Edward Pearse: OK
Jedburgh30 Dagger: Edward, the trend during Georgian times was to be clean-shaven. When did facial hair come in style?
Edward Pearse: who has questions? I can’t guarantee I’ll know the answer
Viv Trafalgar: Rowan, then Jed
Edward Pearse: But I can make stuff up
Rowan Derryth: Go ahead Jed…
Viv Trafalgar: Ok Jed then Rowan. Someone go 🙂
Rowan Derryth: I think Jed asked already
Viv Trafalgar takes a swig of medicinals from somewhere
Edward Pearse: I think the facial hair fashion was an outgrowing of the Crimean War beards. Obviously not everyone was at Sebastopol, but when beards became fashionable the trend changed over the passing years, men got experimental with their facial hair. I don’t know if any of you have seen teacups with a piece added onto the inside?
Rowan Derryth: I’m interested in the point about men’s fashion not changing too much in the Victorian era, but also particularly how some more Bohemian persons dressed…. it seems to me that where female dress could depart rather drastically from normative dress, men seemed to express themselves in their accessories more… hats, coats, etc… Can you speak to that a bit more?
Edward Pearse: The addition was there mainly so as not to get tea on the gentleman’s moustache. Moustache wax was commonly beeswax at the time. Hot tea on it did not help its style.
Rowan Derryth: Sorry if I asked out of turn
Edward Pearse scrolls back to reread the question
Edward Pearse: I can’t speak hugely on the Bohemians, but there were several attempts at dress reform, usually aimed more at the ladies
Rowan Derryth: I’m thinking of artists like Leighton, Watts, Hunt, wearing smoking caps… the Aesthetes at the Grosvenor… Wilde and Whistler of course
Edward Pearse: But menswear came under fire for its conservatism
Rowan Derryth: I wonder how far their activities departed from typical male dress
Edward Pearse: Artistes are their own breed really, though having something unusual made for you was not as hard back then as it is now
Viv Trafalgar: well self expression seems to be always restricted – in men’s clothing a tie pin and some cufflinks can only say so much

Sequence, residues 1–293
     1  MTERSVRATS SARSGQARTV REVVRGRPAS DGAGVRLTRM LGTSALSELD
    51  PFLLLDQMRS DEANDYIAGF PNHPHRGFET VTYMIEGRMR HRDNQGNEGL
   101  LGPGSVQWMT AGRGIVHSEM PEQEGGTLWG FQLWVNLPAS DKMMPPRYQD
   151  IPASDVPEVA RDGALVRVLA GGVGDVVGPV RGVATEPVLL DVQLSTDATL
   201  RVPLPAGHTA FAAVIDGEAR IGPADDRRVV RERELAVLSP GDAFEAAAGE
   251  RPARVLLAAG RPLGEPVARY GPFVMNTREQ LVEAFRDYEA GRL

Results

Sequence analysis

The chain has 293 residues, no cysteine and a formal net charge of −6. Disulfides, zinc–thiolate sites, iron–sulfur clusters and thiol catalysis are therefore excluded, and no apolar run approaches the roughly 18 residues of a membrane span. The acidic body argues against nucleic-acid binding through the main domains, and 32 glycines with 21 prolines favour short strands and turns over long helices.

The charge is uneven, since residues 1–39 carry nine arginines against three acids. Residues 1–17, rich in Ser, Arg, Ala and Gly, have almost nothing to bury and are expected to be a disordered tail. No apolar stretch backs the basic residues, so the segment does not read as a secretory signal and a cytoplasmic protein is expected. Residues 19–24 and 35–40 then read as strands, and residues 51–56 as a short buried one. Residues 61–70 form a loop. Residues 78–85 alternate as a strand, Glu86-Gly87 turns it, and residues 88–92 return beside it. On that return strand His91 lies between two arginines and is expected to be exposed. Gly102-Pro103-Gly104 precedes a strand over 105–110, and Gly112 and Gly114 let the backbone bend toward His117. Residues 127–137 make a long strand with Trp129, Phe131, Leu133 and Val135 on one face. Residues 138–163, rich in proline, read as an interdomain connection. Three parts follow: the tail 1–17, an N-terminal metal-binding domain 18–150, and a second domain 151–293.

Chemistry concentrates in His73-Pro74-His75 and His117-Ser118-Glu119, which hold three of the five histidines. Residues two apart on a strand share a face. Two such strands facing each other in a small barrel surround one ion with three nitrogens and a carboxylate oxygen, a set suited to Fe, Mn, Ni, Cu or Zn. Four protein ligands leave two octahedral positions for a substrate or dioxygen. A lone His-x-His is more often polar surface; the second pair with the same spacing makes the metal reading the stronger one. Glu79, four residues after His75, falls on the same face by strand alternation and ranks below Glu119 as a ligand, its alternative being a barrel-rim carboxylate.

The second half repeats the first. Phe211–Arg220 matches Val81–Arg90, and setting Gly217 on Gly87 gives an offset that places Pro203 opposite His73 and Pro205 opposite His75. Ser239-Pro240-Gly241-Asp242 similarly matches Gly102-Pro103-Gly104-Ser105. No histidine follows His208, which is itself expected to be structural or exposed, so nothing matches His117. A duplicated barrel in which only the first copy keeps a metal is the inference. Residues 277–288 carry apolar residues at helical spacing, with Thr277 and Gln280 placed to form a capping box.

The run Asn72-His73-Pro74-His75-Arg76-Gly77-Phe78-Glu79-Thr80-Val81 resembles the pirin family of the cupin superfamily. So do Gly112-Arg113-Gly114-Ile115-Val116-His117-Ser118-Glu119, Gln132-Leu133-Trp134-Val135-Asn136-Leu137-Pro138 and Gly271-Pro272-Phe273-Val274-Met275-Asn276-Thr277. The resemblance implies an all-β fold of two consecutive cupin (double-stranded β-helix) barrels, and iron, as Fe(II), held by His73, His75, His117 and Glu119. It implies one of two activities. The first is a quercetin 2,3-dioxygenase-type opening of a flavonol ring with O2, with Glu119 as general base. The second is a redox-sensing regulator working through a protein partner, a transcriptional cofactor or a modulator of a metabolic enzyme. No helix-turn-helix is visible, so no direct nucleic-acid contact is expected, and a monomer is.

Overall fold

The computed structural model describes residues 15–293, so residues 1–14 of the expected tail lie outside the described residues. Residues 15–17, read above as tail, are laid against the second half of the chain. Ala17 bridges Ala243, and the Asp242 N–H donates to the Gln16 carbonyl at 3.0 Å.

Rowan Derryth: Yes, it seemed more subtle…
Edward Pearse: Wilde was known to wear colour quite often
Rowan Derryth: Well, except for those writing about it… Baudelaire, the idea of the Flaneur. Yes, and breeches, etc.
Edward Pearse: As for gents accessories they were usually were they got to individualise themselves, between styles of walking cane, styles of waistcoat
Viv Trafalgar: oh – I have a question about walking canes
Edward Pearse: Even the assortment of fobs you had on the end of your watch chain
Viv Trafalgar: but I’ll wait – are there other questions?
Rowan Derryth: What did various fabrics/textiles signify… velvet for example?
Edward Pearse: Personal preference and wealth. A lot of fabrics were expensive or prone to fast wearing. Velvet being one that wore quickly. Velvet collars did not last as long as a crossgrain or a satin lapel
Viv Trafalgar: what about the significance of different walking canes
Edward Pearse: And both of those were shorter than a broadcloth lapel. There’s a lot been written about colours and fabrics and deeper meaning. I think a lot of it has been invented later on, sort of like “Clan tartan” 🙂
Edward Pearse: What was the next question?
Viv Trafalgar: walking canes – different meanings?
Edward Pearse: There were different styles of walking cane but I’m not aware of any specific meanings to them. Of course it’s very possible it’s something I’ve not read about
Viv Trafalgar: Edward would you put out the craft box?
Edward Pearse: Or at least there’s a lot of meaning added to it where most people just want to give “flowers”
Jimmy Branagh: (ominous silence)
PJ Trenton: shhhh
Viv Trafalgar: wondering
Rowan Derryth: Mmm
Bookworm Hienrichs holds her breath…
Beq Janus listens for the soft mewling of kittens?
Jedburgh30 Dagger crosses fingers
Ceejay Writer starts to get nervous.
Stargirl Macbain fidgets
Jimmy Branagh makes a secret sign
Edward Pearse: We switched to bunnies 🙂
Jasper Kiergarten: crashed and is quite confused
Beq Janus: glad to hear my suggestion was accceptable 🙂
Viv Trafalgar: next month will be Canolli Capalini’s music boxes, so please don’t come because i want them ALL
Edward Pearse: Fashion is one of those things you could spend months on and still not cover it all
Elilka Sieyes: Good night, and thank you for encouraging the appreciation of facial hair in New Babbage ;D
Viv Trafalgar: oh and this is a wonderful walking stick!
Edward Pearse: And thank you all for your patience 🙂
Serafina Puchkina: thank you, everyone, for coming today. Our next salon is Music Boxes! on March 21. Miss Capalini is the speaker
Beq Janus: Don’t forget that the Salon itself deserves your support people, the sign outside allows you to show your appreciation for the venue